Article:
He credited the "aggressive and strategic" approach of City Manager Milton Dohoney and Economic Development Director Holly Childs for bringing 2,500 new jobs to Cincinnati last year, including commitments from such major players as Medpace, Humana, dunnhumbyUSA, and US Bank.

Mallory also spoke of the need to empower small and minority-owned businesses, saying that four more Shop52 seminars will be held this year to link entrepreneurs with business experts, non-profit service providers, and lending professionals.

"We must also ensure that individuals have the opportunity to realize their dreams," he said.  "Shop52 is all about small business growth and strengthening our neighborhoods."

In addition to job creation, Mallory noted that construction is underway on two major building projects – Great American Tower at Queen City Square, a 41-story, $340 million office tower and The Banks, a 2.8-million-square-foot mixed-use development on the city's riverfront.

But Mallory said that the most crucial component of Cincinnati's development plans is the streetcar system that would connect Downtown, Over-the-Rhine, and the Uptown neighborhoods.

"Now, we have done our homework and the benefits of a streetcar system are clear," Mallory said.  "When a city puts rails in the ground, economic growth follows."

Mallory said that $1.4 billion in economic impact would result from the project's first phase, giving the city additional resources that it can use in neighborhoods throughout the city.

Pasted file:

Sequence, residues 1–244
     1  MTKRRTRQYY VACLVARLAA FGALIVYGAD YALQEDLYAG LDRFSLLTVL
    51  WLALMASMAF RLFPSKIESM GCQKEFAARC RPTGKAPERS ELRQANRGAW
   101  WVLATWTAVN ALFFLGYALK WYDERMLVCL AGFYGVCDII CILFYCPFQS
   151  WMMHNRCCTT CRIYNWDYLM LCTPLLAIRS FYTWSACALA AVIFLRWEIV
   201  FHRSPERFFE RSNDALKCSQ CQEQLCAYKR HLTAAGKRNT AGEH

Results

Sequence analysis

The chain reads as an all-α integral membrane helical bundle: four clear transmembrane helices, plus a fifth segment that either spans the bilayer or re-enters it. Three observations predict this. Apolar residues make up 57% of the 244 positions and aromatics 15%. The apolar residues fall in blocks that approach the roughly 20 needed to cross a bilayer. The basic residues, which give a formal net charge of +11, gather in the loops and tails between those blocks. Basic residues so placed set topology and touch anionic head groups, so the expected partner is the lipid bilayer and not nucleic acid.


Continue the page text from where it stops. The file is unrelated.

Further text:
"The benefits of the streetcar system are too significant to allow the naysayers to derail our efforts," he said.  "Streetcars must be a part of Cincinnati's future and we will fight to make it happen."

According to Mallory, the key to Cincinnati's future success is strong local, national, and global partnerships.

To achieve these partnerships, the city and its residents must be their own advocates.

"We have a great city and we must make it our priority to promote it here at home, across the nation and around the world," Mallory said.

Writer: Kevin LeMaster
Source: 2009 Cincinnati State of the City address
Photography by Scott Beseler

Spaces remain for 10-week government academy

Several spaces remain for the spring session of the Cincinnati Citizens Government Academy, a 10-week course designed to give an in-depth look at how city government is organized and how services are funded and delivered.

Beginning March 2nd and held Mondays between 6 PM and 9 PM, the Academy features field trips to numerous city departments to learn about their services and programs.

The goal of the program is to not only improve citizen understanding of how local government works, but also to encourage citizen involvement in strengthening and improving the quality of life throughout the city's neighborhoods.

"As City government continues to engage citizens, it's important that citizens have a broad understanding of how their government works," says Cincinnati city manager Milton Dohoney.  "We believe that informed citizens are involved citizens and that makes for better government.  The Academy may also bring forth some new ideas from the public that we may need to consider."

Since 2007, the Academy has graduated 45 participants from its two sessions.

Participation is free, and citizens can enroll by calling Trina Porter at (513) 352-5335 or by e-mailing citizensgovernmentacademy@cincinnati-oh.gov.

Applications are also available online at or by visiting Suite 104 at Cincinnati City Hall.

Writer: Kevin LeMaster
Source: Tiffaney Hardy, senior communications specialist, City of Cincinnati
Photography by Scott Beseler
Milton Dohoney

New and improved CincySites makes site selection easy